JASON AKIRA SOMMA
New York City based inter-disciplinary visual artist Jason Akira Somma is an internationally lauded heretic in the world of art, renowned for “defying categorization” (Rolex Arts Initiative) and recognized as “a visual art anomaly who has done some pretty revolutionary things in the space of performance and technology,” (The Creators Project, Intel, Vice). Somma’s work explores the merging of engineering new technology, science, performance, and kinesthetics into new, autonomous media. He refers to this fusion of cross-disciplines as “Past-Modernism.”
Somma’s work has been featured in The Guggenheim Museum, New Museum, MoMA, Deitch Project (SoHo), Location 1 Gallery (SoHo), Utah Museum of Contemporary Art, CCA (Center of Contemporary Art, Glasgow), Aichi Triennale (Japan), Museum de Lakenhal (Netherlands), Chrysler Museum of Art (Norfolk, VA), Anderson Gallery (Richmond, VA), The New York Times, LA Times, Vogue Italia, V magazine, Interview magazine, Dazed & Confused magazine, Complex magazine, SPEX magazine (Germany), The Village Voice, Time Out NY, Sundance Channel, Independent Film Channel, PBS, NY Dance Film Festival, MTV Europe, American Dance Festival, Seoul (Korea) Film Festival, Cinedans Festival (Amsterdam), and the Performatica Festival (Mexico).
Jason Akira Somma is the first American to receive the Rolex Arts Initiative for Dance in 2008, and has been working under the mentorship of Jiri Kylian and has continued to collaborate with Kylian on several projects to date.
Jason’s solo gallery show entitled “Phosphene Variations” premiered at the Location 1 gallery (SoHo) in 2013, and featured the very first free-floating-interactive-holograph-film installation. Spectators were invited to use the motion of their hands to control the image of floating holographs of such legendary artists as Mikhail Baryshnikov, Robert Wilson, and Carmen DeLavallade among others.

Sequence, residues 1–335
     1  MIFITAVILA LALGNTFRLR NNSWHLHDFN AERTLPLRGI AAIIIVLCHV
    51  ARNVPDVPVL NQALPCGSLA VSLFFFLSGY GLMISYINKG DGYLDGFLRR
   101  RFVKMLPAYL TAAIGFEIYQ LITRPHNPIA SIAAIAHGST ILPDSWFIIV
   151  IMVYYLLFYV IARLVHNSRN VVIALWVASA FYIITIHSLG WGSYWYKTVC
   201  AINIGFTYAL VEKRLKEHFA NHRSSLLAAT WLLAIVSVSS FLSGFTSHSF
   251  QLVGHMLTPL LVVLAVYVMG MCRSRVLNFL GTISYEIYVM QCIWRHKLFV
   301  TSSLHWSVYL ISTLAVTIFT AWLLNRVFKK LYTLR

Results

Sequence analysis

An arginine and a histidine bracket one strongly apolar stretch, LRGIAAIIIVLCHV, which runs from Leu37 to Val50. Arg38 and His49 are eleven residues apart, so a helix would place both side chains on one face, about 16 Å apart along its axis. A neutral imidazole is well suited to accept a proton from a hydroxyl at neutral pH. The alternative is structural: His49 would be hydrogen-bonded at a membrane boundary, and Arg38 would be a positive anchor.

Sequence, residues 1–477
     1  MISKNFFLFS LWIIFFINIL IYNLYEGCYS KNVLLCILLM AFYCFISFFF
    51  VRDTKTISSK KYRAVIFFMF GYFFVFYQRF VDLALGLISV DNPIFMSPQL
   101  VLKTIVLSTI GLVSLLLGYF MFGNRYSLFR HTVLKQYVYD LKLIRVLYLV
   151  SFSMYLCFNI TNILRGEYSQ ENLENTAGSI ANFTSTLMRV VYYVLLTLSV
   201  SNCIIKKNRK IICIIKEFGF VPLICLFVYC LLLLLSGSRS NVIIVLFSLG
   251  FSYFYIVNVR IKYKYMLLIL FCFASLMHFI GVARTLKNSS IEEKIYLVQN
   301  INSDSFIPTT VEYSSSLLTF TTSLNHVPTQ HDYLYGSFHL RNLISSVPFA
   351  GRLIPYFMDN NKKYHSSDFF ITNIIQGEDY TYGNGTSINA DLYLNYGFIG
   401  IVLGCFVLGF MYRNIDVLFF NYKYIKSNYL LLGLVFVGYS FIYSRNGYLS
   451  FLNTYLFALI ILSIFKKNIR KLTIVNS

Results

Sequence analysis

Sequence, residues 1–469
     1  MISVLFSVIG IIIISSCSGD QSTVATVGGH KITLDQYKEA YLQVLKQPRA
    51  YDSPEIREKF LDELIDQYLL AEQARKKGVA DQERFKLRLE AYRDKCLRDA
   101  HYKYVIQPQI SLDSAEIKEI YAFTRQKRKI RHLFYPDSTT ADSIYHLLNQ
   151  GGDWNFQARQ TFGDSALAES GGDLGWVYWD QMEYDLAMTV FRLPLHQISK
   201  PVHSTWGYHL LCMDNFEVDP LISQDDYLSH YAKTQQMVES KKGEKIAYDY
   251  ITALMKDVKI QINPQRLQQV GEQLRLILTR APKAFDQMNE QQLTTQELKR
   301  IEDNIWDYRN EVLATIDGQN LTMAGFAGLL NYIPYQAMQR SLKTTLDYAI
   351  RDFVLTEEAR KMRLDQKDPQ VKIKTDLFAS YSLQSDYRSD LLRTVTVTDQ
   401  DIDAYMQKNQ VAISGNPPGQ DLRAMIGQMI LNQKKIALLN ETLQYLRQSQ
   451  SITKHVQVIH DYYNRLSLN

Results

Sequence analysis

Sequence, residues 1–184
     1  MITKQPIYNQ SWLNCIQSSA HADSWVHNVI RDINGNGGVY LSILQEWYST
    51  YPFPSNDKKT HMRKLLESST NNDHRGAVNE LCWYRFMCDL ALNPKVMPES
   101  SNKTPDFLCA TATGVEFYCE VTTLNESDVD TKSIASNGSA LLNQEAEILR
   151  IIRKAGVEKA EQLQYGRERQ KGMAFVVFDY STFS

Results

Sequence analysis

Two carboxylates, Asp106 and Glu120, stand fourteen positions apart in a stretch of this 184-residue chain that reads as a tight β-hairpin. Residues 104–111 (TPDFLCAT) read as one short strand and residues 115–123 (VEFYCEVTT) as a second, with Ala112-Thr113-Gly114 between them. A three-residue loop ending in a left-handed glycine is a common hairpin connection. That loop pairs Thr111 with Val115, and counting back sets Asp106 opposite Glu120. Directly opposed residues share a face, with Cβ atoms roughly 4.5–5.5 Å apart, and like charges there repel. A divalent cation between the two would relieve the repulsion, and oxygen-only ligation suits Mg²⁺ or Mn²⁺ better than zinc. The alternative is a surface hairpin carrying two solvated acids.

Somma has been commissioned by the Lyon Opera Ballet as well as the BBC Bigscreens Moves Festival. He was a guest artist at the Center of Contemporary Art (CCA) in Glasgow and was a featured artist at the Robert Wilson Watermill Foundation. Somma collaborated with Robert Wilson, choreographing and directing five short films shown at the Guggenheim Museum. His live dance performance “Frances Wessells, a Portrait of 91 Years” premiered at the Saddler Wells Theatre in London and the National Chaillot Theater of Paris.
Jason has been a technological consultant for a variety of institutions and esteemed artists including Marina Abramovic, Walt Disney’s Imagineers, Namesake and multibrand retailer ØDD., and the University of Glasgow in the Neuroscience department for a research study focusing on how the perception of movement affects the brain.